From Table 1 and Figure 2, we can see that, in terms of the expected value, the worst overall return was produced by investing according to the S&P500 index, while the best overall return was achieved by investing in a portfolio produced by the proposed approach that takes advantage of both positive and negative trends. Figure 2 shows that the portfolio that considers negative trends is almost always in the top two from all the approaches. Furthermore, the returns obtained using this approach show that this model is not affected by the downtrends in the market as the benchmarks, as seen in the fall of all approaches from Jan 2020 to Mar 2020. Remarkably, this behavior did not prevent the proposed approach from exploiting the clear overall uptrend produced from Apr. 2020 to Apr. 2021, as can be clearly seen in Table 1.
From Table 2, we can see that the proposed approach outperforms the benchmarks at the end of the thirty periods: the sum of returns is approximately 41% better than Yang et al. 2019 ([10]), 25% better than Solares et al. 2019 ([12]), 48% better than the one that only considers positive trends and more than 90% better than the market index. Moreover, the cumulative returns of our proposal is 63% better than Yang et al. 2019 ([10]), 35% better than Solares et al. 2019 ([12]), 75% better than the one that only considers positive trends and 141% better than the market index. This performance can be seen in Figure 3 and Figure 4.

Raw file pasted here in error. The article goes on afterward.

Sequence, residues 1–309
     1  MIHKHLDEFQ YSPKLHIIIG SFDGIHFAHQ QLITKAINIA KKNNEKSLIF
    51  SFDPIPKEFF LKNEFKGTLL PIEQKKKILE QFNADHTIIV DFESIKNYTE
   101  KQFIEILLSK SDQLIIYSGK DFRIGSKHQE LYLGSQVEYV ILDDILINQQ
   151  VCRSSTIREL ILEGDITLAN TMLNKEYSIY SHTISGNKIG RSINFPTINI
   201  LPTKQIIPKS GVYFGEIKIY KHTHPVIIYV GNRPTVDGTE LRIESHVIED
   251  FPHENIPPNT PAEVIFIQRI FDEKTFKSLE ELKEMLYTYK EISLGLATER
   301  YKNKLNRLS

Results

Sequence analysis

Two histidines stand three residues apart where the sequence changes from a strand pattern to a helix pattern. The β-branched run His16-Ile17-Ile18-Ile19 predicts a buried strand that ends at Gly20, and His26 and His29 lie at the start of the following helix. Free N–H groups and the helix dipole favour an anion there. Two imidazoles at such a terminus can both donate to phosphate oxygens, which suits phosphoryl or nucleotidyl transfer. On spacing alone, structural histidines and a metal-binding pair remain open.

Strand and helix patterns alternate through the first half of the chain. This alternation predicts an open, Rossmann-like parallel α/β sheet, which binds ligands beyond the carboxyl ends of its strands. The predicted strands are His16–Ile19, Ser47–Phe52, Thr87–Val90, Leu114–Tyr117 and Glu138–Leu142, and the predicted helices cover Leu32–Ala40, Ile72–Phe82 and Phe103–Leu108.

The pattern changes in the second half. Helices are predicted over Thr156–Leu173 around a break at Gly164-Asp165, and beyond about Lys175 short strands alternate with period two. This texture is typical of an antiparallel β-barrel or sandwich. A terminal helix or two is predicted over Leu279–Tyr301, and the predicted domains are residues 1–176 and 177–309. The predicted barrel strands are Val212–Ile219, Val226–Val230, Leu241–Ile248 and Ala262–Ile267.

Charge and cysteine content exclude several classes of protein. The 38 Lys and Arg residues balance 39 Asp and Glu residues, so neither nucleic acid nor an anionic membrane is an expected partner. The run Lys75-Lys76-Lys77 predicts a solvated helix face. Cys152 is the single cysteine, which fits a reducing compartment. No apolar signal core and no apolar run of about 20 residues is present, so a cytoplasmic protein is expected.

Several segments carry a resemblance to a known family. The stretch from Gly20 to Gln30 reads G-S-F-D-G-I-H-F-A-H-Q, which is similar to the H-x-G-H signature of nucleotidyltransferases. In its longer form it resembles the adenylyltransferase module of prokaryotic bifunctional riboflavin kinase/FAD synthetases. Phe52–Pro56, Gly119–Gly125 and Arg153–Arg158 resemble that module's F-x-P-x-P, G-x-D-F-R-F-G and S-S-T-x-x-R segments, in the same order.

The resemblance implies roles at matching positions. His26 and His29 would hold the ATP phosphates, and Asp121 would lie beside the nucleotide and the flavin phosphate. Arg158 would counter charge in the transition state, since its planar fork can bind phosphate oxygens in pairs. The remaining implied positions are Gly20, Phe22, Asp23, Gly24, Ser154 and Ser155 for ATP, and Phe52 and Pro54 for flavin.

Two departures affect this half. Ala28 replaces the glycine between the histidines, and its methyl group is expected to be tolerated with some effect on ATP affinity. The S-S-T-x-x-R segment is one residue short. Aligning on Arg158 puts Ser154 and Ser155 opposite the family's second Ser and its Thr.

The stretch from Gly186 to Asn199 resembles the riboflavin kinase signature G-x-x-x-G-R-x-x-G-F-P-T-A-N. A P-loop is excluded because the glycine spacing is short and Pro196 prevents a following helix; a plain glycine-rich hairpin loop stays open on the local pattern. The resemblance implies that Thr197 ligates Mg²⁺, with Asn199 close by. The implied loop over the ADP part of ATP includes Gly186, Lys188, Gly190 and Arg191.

Both Figure 3 and Figure 4 describe the evolution of the portfolio returns in an aggregate way throughout the whole time lapse (i.e., November 2018 to April 2021). However, Figure 3 shows this evolution from the perspective of the sums of the returns, while Figure 4 shows the cumulative returns. Both figures can be relevant to the practitioner. The former shows the overall performance of the approach without considering the exact period where the return was obtained, while Figure 4 allows one to ponder the impact of the period where such a return was obtained. Let us unfold the latter. Figure 4 shows the amount that the investor would obtain if he/she takes their investment in a given period. For instance, an investment of USD 1000 at the beginning of November 2018 using the proposed model would have become USD 992 (i.e., −0.80%) if the investor would have withdrawn the investment at the end of May 2019. However, if he/she continues until April 2021, the investment would have become USD 1952 (i.e., +95.28%). In this sense, it is clear that the proposed approach outperformed the benchmarks by creating a portfolio that includes long and short positions. This result shows the potential of our proposal, which could be improved in future approaches by including stocks from other indexes, more technical/fundamental variables, etc.